On December 9, the Supreme Court will hear oral arguments in Abigail Fisher’s case against the University of Texas at Austin (UT). The school automatically admits Texas high schoolers who graduate in the top 10 percent of their class. Other applicants are given a “holistic review,” which includes a preference for certain preferred racial minorities. Fisher – who is white and did not graduate in the top 10 percent – was denied admission to UT, and she sued the school for racial discrimination. This is the second time her case has reached the Supreme Court. In 2013, a majority of the justices ruled that the lower courts were too deferential to UT officials about whether their use of race met the constitutional standard of being narrowly tailored to advance a compelling state interest. On this second trip to the High Court, Fisher argues that the school still has not proven it needs to use race and also challenges UT’s new assertion that its racially discriminatory “holistic review” of applicants helps ensure “qualitative” diversity. Will these arguments hold up before the justices? Will they rule in Abigail Fisher’s favor? Join us as distinguished legal scholars address how the Court should rule.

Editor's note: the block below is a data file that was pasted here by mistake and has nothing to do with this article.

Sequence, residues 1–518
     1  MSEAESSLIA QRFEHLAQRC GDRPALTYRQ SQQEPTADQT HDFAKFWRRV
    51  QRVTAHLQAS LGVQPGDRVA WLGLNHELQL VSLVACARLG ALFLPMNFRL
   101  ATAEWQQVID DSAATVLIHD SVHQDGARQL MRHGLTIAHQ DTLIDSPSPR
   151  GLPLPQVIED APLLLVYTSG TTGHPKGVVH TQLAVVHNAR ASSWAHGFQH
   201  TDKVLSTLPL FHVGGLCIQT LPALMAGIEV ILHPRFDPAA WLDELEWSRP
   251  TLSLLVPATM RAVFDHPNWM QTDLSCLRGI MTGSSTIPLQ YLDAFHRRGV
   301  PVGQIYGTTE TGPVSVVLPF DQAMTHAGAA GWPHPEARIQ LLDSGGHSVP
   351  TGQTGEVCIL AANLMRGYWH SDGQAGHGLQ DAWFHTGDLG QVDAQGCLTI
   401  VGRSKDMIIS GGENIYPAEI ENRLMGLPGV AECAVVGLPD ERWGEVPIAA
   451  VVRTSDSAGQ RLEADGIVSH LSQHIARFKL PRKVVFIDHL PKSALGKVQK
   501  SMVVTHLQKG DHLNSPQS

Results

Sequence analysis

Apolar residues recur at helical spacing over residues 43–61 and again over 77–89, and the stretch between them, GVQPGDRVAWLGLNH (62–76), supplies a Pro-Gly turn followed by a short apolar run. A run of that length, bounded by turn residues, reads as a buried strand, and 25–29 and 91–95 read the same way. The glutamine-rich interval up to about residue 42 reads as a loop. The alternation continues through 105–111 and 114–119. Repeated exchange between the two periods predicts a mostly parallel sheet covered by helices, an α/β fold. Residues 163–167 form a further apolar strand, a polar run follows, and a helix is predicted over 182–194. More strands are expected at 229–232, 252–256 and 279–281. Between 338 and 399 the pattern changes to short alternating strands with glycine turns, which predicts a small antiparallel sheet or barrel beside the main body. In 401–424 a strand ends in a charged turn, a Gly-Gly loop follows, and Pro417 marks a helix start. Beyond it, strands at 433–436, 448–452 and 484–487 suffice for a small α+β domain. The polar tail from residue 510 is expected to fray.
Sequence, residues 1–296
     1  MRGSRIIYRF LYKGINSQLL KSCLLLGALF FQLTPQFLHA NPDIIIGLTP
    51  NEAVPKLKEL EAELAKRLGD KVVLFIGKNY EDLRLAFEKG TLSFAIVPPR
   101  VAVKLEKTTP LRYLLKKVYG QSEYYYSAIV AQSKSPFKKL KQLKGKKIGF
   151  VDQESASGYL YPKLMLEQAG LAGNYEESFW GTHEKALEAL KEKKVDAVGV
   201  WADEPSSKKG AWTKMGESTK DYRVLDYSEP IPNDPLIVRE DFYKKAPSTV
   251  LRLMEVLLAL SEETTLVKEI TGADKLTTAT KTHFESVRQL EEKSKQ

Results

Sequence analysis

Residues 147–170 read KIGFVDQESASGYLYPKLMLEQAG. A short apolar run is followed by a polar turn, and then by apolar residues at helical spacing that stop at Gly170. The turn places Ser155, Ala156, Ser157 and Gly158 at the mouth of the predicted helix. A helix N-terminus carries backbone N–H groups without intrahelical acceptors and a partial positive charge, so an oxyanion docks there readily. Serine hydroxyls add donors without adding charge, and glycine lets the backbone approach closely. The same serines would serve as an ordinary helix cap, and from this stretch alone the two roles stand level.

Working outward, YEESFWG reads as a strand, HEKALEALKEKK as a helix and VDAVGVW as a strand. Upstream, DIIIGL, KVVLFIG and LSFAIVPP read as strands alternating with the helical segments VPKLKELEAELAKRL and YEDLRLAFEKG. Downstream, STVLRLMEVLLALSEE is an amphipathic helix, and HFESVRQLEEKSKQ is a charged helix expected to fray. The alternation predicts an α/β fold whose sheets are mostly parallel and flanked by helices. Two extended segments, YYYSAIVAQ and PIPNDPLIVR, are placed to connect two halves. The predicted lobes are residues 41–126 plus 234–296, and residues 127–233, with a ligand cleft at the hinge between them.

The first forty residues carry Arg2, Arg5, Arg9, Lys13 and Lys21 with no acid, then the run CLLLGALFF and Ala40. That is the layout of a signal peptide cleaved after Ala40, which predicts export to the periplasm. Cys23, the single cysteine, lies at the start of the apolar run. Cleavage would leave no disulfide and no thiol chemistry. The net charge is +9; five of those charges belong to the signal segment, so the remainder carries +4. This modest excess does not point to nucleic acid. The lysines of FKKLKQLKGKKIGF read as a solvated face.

More About the Speakers
Vanderbilt University Law School
University of San Diego School of Law
Benesch, Friedlander, Coplan & Aronoff LLP
Hans von Spakovsky
Senior Legal Fellow, The Heritage Foundation
Legal Fellow and Appellate Advocacy Program Manager